Home Forums Melanoma: Newly Diagnosed – Stages I & II I still have concerns

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  • #20500
    Onlymej
    Participant

    I was diagnosed with lentigo maligna in situ about 1 month ago. Had wle, no further abnormal cells were found.

    The surgeon, dermatologist just said its gone don’t worry about it anymore. Come back in 6 mo ths for skin check.

    I feel awful. No one around me thinks this is a big deal, but I do. I feel unhealthy. I feel scared about the future. It’s the first thing I think about when I get up in the am.

    A lot of the statistics about mis say survival is 99.5 . Um, what happens to the 1 out 200 people diagnosed with this? I am confused because if mis can’t spread how do they die? That part really scares me.

    So is this completely cureable or not? Such conflicting information on the web.

    #55590
    cohanja
    Participant

    I don’t have an answer to your question, but just letting you know the fear is perfectly normal. I’m IA and I have intense fear about the future, obviously the rate for IA is lower than for in-situ. But, the fear is normal, the uncertainty, etc…

    #55591
    Catherine Poole
    Keymaster

    I don’t know if I can reassure you with this, but nothing is 100% in life, in fact, there are so many things we could potentially worry about that could take our lives. But the best way to deal with anxiety is through meditation (mindful 2x day) exercise, eating right, getting and giving love, and counseling/medication if needed. Soon, with these practices, you should be able to get beyond this and move on to happier thought processes.

    #55592
    Onlymej
    Participant

    Thank you for your replies. Catherine, I know you are right in my head, but my heart is scared. I do many if those things but need to do more of them, more…….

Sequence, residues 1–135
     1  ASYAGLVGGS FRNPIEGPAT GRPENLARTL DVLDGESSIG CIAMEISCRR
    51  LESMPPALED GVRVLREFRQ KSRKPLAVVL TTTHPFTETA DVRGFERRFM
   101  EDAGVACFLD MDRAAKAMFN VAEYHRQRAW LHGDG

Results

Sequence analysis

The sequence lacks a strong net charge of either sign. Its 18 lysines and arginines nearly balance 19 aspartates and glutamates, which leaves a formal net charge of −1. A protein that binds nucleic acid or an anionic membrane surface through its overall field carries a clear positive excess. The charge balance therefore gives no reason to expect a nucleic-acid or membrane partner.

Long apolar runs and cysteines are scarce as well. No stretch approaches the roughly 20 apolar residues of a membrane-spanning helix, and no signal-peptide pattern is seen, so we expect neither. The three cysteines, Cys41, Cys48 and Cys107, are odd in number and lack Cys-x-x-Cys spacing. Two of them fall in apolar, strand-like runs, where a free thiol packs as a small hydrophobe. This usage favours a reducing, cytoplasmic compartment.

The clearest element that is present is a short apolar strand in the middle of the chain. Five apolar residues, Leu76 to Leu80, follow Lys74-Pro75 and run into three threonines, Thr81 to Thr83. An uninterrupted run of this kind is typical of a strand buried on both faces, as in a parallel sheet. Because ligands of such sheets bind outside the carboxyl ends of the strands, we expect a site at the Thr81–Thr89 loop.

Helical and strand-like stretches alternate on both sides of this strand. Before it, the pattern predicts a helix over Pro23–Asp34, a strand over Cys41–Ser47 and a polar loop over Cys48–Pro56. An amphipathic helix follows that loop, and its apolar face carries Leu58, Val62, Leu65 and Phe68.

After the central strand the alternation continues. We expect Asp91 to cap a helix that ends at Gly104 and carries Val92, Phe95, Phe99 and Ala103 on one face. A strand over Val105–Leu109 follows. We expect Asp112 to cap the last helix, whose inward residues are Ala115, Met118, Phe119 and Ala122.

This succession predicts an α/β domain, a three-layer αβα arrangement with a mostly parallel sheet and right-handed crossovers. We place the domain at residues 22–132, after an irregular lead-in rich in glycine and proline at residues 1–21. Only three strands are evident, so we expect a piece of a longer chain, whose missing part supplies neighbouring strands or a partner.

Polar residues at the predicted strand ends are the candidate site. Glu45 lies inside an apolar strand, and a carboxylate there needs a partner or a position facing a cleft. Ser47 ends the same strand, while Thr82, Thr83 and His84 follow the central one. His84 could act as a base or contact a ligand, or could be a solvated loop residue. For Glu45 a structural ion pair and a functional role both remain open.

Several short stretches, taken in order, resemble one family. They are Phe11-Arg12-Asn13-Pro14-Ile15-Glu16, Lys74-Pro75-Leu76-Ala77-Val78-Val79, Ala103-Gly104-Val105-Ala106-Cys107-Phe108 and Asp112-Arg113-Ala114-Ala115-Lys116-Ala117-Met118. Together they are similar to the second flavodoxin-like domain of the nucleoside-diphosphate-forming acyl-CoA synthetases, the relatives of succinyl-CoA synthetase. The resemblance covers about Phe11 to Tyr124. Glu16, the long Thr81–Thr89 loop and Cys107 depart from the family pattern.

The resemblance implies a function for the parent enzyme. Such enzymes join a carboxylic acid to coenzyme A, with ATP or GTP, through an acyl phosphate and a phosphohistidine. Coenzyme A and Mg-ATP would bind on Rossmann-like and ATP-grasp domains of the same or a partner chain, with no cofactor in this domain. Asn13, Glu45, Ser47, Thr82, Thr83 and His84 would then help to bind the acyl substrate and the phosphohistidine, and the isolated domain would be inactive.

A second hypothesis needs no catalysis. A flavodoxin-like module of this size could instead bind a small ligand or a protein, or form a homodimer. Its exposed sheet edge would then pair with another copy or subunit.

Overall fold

#55593
    cohanja
    Participant

    It’s an ironic thing. The higher stagers wish they only had the concerns of IA & IB’ers, while the IA and IB’ers wish they had the concerns and percentages of the in-situ folks, while the in-situ folks wish they were just severely atypical and not melanoma, etc. . . . I think the lesson is I guess be thankful as there are always those worse off than you. I go back & forth between feeling it’s unfair I’m even having to deal with any of this when the majority of others never have to . .and feeling like I may have dodged a bullet that is was caught on the early side when it was, but yet still having fear about it too.

    BTW, does the “Notify me when a reply is posted” function on the new site?

    #55594
    Onlymej
    Participant

    Cohanja yes I agree with you. I k ow people say I should be happy but what is there to be happy about? No one knows what will happen in anyone’s future, I understand that, but this whole thing is ridiculous, chances and statistics mean nothing or this would not have happened to me, who always tans, dark hair and eyes etc. it all means nothing IMO, There is no security in any of that.

    And does anyone know the answer to my question, what happens to the 1 out of 200 melanoma In situ patients who don’t survive? This still confuses me. Are there any long term studies showing where they got these numbers from specifically about mis? Is this real number or I guess? Thanks!

    #55595
    Worrywart
    Participant

    If you stood next to 200 people odds are a few of them would die in 5 yrs…stroke, heart attack, accident, etc. But you don’t go day-to-day worrying about those, right? So don’t let melanoma consume you, if it does, it wins. You are not alone, there are lots of in situ survivors out there. You will be one of them too!

    #55596
    Webbie73
    Participant

    Worrywart , what a great way of putting the statistics into perspective! So listen up in situ and stage 1 people…stop worrying and go out and live!

    #55597
    cohanja
    Participant

    I don’t know that we can quite lump in-situ and Stage I into the same “don’t worry” category, but I know what you’re saying

    #55598
    krissy424
    Participant

    I’m a blue eyed blonde born in California, northern European by heritage. I baked in the valley sun as a kid AND in I’m in the medical field..i never saw this coming. Melanoma was a disease that kills. Never me. Now i thank god it’s me and not one of my kids. My grand daughter age five has used sunscreen every day of her life, plus she was born with four congenital moles including a large one on her scalp. At least i can pay it forward. Increase awareness and educate. Increasing awareness is difficult because I find the word melanoma tends to make people run in the other direction. i’m working this all out slowly.

    Kris

    superficial spreading melanoma

    June 15, 2012

    breslow .55, clark II

    deep shave, wide excision

    – clear path reports-

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